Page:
February 14, 2014
A Construct of Angels, Advance Review Copy, Andrew Toynbee, ARC, eBook, exchange, Goodreads, publish, review, self-publish
As part of the re-launch on Feb 28th, I’d like to offer out a few Advanced Review Copies to my fellow bloggers and readers, preferably in exchange for a fair review of the book on Goodreads or Amazon.
Would anyone be interested?
If so, please let me know in the comments below, and then email me your address to; andybee64 (at) hotmail (dot) com.
Please let me know if you’d prefer a Kindle, ePub or PDF version. The paperback is not yet available, but will follow along later. I hope to give away a few of those in the future.
As I’m on the road a lot, plus there’s a re-launch to organise, and I’m trying to pen the sequel etc, etc, so I’ll have to limit the number of ARCs to just fifty.
So first come, first served, as the old saying goes. I’ll leave a comment below when I’ve reached capacity.
P.S. Please don’t just ‘grab and forget’ – this book was written to be read and enjoyed - not cached. And if you’re a book reviewer, let me know and I’ll make available a copy outside of the fifty limit.
November 1, 2013
A Construct of Angels, book, British English, eBook, ePublish, novel, publish, self-publish, spelling, story, words, writer, writing
I have occasionally ecountered comments that pointed out my failings - one of them being misspellings.
My spelling ‘mistakes’ often get picked up on Facebook and (occasionally) on WordPress.
I like to think I’m very thorough when I’m writing and take pride in my spelling and grammar.
Yes, I soemtimes mis-type (who doesn’t?) as my ‘want to type’ speed exceeds my ‘able to type’ speed and my fingers become a pink blur above the keyboard.
However, when I begin to receive feedback that I ‘should check my speling’ (sic) and see one-word corrections for my spelling when there is nothing amiss, I begin to see red.
I’ve been told (more than once) that I use a lot of British English (BrE). Yes, that’s true. I’m British, my characters are English and their story takes place in England. That would follow, wouldn’t you think?
Ciara Ballintyne appears to have the same problem and states her case here .
So recently, I’ve been writing British English, but with the knowledge that non-Brits may very well read my work. For instance, my character drives a Volvo ambulance instead of the (correct) locally-sourced type because only Brits would know what a Vauxhall Astra was. However, I don’t compromise on ‘labour’ or ‘honour’, ‘realise’ or ‘criticise’ because Brit readers would hate me for it. My characters use Pounds rather than Dollars. I was astounded when I was told that someone had to Google ‘Biro’ because it wasn’t clear that it was a ball point pen. What are those cheap, crystalline ball point pens made by BIC known as in the US - BIC pens?
These are things we need to know…
I had considered adding a disclaimer stating that the book contains ‘British English’ just to clarify. In this electronic age, the written word is spread far and wide and a novel in English could easily have been written in Australia, South Africa, Japan or any number of countries. I learned recently that along with Australia, Canada still uses BrE, which was a bit of a surprise. I wonder how many other countries do? I’d be interested to know that Britannia does not stand alone…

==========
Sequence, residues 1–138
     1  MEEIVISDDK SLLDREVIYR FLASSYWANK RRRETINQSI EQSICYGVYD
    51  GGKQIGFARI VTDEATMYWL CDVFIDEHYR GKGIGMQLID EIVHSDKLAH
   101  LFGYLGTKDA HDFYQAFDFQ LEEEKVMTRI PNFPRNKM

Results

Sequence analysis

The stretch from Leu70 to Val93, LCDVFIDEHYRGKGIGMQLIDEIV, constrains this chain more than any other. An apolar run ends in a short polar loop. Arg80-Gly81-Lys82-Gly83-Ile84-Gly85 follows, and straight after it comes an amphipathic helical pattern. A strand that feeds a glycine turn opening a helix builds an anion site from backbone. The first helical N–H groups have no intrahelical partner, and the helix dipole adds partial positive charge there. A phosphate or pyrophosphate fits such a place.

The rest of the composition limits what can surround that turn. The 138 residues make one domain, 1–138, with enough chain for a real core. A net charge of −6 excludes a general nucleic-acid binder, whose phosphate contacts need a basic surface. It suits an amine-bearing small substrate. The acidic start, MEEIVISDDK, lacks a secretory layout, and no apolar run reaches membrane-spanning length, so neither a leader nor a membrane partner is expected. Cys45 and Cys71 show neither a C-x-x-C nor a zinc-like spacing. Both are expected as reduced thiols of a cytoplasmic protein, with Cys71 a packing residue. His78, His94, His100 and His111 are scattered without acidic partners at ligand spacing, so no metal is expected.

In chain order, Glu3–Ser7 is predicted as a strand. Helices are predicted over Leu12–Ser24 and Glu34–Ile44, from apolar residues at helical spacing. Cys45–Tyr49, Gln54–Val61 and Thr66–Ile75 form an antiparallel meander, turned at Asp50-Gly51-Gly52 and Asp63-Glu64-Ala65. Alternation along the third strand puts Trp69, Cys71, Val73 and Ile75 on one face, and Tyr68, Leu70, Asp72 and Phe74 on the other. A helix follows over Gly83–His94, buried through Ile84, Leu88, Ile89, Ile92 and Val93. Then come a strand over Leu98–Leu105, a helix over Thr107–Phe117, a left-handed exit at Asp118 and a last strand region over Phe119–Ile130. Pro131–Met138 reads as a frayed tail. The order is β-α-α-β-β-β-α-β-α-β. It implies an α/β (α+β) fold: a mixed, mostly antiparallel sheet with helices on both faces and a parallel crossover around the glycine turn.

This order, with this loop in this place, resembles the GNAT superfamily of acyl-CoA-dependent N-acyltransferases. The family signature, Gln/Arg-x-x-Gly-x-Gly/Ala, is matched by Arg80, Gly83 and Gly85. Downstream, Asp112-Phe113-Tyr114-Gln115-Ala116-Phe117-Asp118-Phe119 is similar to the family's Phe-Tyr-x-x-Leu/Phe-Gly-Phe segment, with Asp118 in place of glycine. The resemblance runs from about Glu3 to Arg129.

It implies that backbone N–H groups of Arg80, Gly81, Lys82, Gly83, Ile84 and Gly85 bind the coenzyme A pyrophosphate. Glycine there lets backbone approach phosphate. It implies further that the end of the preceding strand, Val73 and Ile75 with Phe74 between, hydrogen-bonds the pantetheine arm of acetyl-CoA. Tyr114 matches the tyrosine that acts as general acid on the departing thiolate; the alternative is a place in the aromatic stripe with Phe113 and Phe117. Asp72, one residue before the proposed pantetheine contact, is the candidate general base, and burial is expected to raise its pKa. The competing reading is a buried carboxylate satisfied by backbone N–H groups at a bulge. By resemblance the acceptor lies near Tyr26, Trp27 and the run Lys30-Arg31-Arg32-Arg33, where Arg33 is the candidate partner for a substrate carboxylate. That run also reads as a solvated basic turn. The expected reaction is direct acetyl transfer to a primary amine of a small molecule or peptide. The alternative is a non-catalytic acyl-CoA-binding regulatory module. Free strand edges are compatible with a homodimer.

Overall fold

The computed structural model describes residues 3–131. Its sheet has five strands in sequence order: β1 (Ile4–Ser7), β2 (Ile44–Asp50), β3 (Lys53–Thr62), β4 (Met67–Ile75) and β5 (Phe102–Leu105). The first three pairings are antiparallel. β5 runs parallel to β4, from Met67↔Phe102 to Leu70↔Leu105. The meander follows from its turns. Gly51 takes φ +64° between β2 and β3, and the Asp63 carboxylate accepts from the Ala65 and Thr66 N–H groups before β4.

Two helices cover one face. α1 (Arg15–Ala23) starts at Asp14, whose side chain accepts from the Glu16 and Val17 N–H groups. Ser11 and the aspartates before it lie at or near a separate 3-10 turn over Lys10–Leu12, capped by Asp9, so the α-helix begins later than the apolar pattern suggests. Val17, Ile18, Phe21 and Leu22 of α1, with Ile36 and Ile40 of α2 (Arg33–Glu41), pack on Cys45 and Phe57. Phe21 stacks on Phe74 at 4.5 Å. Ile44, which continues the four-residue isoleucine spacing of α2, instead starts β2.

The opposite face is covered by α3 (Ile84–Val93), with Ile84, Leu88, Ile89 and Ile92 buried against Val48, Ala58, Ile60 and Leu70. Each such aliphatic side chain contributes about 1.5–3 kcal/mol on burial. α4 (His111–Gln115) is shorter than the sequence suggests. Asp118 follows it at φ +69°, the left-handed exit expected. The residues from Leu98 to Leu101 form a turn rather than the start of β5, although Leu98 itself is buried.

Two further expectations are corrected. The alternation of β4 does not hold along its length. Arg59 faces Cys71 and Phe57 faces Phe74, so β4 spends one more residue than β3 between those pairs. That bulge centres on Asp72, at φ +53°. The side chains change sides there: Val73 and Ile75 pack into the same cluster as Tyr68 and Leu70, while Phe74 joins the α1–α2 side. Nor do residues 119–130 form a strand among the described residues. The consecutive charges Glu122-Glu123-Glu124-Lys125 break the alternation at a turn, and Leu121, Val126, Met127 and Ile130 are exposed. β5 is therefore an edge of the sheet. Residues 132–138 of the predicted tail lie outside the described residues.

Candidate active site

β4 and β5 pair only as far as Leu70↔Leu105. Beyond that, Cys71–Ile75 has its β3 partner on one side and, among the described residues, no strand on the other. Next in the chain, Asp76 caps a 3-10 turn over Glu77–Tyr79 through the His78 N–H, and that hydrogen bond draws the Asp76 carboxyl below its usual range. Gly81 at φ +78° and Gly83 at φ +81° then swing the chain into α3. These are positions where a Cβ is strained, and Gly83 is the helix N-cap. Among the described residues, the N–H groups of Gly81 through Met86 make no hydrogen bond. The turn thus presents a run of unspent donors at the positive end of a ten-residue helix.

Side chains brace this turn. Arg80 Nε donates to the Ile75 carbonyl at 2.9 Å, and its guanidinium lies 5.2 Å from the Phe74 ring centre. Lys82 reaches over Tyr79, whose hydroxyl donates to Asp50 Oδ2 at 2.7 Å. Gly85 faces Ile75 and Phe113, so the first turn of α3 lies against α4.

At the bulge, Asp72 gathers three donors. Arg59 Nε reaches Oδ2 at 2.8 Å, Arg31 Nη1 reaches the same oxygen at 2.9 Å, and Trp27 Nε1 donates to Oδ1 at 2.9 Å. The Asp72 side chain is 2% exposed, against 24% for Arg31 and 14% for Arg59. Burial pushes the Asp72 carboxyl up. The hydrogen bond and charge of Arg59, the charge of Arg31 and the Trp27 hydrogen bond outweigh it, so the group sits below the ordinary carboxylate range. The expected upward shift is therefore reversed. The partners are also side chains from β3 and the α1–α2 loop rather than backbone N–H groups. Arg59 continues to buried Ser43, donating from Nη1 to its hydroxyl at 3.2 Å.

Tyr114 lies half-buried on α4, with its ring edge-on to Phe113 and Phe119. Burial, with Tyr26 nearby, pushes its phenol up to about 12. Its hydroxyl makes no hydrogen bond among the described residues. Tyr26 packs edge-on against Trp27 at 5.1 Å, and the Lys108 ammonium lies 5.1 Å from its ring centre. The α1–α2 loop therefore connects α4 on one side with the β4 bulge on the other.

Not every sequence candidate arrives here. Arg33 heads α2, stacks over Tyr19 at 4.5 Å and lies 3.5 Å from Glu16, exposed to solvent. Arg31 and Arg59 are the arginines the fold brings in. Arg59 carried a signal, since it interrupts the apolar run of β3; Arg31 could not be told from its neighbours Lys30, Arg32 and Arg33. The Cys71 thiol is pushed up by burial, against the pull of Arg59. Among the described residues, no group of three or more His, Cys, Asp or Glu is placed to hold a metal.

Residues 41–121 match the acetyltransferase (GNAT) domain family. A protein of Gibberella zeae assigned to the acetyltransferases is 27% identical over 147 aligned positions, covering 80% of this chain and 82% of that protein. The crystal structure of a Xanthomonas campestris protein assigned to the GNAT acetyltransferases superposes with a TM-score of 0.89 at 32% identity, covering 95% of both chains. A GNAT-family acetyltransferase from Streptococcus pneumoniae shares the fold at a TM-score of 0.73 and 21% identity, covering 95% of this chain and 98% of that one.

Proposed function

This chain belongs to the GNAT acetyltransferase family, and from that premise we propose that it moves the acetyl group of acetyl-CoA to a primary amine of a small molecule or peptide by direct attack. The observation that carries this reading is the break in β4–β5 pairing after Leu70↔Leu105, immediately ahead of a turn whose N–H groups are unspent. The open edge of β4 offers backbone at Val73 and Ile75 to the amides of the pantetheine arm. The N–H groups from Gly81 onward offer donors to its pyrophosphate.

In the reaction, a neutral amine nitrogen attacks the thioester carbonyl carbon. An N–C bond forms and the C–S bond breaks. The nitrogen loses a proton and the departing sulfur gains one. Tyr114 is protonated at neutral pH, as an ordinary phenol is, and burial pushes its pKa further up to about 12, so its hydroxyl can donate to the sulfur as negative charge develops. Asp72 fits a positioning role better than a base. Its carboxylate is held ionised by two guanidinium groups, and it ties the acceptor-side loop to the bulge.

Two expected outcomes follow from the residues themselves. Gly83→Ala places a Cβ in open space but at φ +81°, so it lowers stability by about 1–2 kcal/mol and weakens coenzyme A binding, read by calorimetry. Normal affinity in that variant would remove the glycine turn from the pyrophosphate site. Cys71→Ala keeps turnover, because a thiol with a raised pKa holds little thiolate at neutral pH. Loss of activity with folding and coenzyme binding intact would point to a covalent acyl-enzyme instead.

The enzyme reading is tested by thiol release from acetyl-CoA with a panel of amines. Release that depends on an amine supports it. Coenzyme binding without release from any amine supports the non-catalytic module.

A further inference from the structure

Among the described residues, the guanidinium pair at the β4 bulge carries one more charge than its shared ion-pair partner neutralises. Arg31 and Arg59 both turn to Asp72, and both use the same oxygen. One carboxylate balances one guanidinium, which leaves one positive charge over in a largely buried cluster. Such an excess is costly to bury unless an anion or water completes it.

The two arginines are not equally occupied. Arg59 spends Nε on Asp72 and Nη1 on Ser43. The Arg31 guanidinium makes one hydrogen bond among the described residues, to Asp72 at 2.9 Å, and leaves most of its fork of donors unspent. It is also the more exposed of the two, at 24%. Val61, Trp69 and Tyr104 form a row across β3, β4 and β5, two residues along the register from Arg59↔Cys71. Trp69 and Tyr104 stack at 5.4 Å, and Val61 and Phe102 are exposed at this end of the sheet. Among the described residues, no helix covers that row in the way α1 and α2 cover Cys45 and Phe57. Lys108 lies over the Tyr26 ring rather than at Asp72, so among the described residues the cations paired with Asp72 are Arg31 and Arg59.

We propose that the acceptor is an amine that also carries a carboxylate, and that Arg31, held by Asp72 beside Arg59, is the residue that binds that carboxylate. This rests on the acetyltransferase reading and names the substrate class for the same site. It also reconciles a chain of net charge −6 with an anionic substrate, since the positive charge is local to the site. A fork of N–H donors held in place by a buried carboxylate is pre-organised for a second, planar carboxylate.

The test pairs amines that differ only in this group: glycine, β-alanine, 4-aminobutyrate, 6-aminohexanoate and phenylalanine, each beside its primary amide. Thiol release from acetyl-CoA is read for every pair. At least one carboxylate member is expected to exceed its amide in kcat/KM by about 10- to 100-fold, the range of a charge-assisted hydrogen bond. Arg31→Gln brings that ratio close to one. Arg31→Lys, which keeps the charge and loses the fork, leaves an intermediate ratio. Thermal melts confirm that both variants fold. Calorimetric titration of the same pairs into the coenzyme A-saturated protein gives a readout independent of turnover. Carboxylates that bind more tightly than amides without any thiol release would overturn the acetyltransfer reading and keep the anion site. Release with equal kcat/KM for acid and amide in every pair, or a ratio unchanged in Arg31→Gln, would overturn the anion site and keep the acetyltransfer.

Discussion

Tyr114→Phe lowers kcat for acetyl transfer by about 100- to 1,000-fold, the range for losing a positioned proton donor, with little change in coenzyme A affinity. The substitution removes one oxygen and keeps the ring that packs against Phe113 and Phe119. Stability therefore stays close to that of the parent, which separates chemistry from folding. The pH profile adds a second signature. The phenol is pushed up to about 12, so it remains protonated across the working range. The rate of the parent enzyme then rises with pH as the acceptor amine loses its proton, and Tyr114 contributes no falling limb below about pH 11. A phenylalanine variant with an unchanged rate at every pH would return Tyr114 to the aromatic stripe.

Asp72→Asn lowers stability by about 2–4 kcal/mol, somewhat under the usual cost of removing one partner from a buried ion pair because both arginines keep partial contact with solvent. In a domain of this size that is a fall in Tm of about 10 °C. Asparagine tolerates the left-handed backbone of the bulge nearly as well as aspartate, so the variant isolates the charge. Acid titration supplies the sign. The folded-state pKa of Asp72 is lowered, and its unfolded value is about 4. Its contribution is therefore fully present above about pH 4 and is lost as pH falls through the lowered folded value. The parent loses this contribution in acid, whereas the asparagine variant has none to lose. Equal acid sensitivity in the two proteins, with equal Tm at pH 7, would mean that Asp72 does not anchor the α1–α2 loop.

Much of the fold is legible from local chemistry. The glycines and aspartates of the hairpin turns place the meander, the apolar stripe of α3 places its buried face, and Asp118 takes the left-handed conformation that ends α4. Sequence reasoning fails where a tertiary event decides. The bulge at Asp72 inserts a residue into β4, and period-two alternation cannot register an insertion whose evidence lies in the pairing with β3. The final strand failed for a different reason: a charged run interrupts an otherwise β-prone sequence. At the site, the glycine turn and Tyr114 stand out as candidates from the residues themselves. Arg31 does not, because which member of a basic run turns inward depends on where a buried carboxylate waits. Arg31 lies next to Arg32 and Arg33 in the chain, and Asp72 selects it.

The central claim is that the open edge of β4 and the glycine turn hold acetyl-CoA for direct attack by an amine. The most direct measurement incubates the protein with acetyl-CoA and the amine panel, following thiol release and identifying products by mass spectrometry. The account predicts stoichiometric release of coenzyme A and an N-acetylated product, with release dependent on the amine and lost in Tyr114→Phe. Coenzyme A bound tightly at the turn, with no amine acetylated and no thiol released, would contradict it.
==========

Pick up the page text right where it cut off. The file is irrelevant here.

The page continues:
July 10, 2013
Amazon, book, check, CreateSpace, edit, error, fiction, find, novel, paperback, Post-it, search, self-edit, self-publish, strip, tag
Isn’t this is the BEST justification EVER for ordering a Proof copy of your Print on Demand novel?
I used nearly three packs of Post-it strips marking out typos (not too many), weird spacing issues (loads) and missing or shifted text (scores – mostly at the bottoms of pages where text had been moved to fill the silly gaps).
I also took the opportunity to have one last crack at polishing the prose as I went. Who says a writer is never done editing?
Anyway, Big Lesson learned here; Never assume that because it looks fine on the screen, it’ll be fine in print. WRONG!
And don’t order TWO copies in the naive hope that the print will be fiiiine *casually dismisses problem with a wave of his hand* and you would be able to send one of them to…for instance…your mother.
So glad I didn’t…
Unless you are planning to use an editing buddy, someone who will be reading the second copy, don’t waste your money. Order ONE, fix it, THEN order another proof – just to be certain.
Sure, it all takes time…an interminable period during which you are champing away, desperate for the process to be completed. But as I’ve posted before, patience is most definitely required in this self-editing game.
So, now that I have completed my read-through, I only need to update my electronic version and re-submit the document to CreateSpace…and order another proof copy, which must come all the way from the US… by snail mail..and then read through THAT…and identify any remaining errors.
*drums fingers in agitation*
How long is the average human lifespan?
Muse; Patience, Mister Toynbee, patience.
May 22, 2013
agent, followers, journey, learning, newbie, novel, publish, self-publish, tag, Wordpress, writer
I’m very please to share this congratulatory message from WordPress – fresh from yesterday.
Can I offer a great big
to everyone who has chosen to follow my random ramblings over the past ten months. It’s been a hugely enjoyable and education journey and I hope you’ve been able to glean at least one interesting or useful fact from my pages.
No laurels will be rested upon – the learning curve continues ever upwards!
In the meantime, Write On, everyone!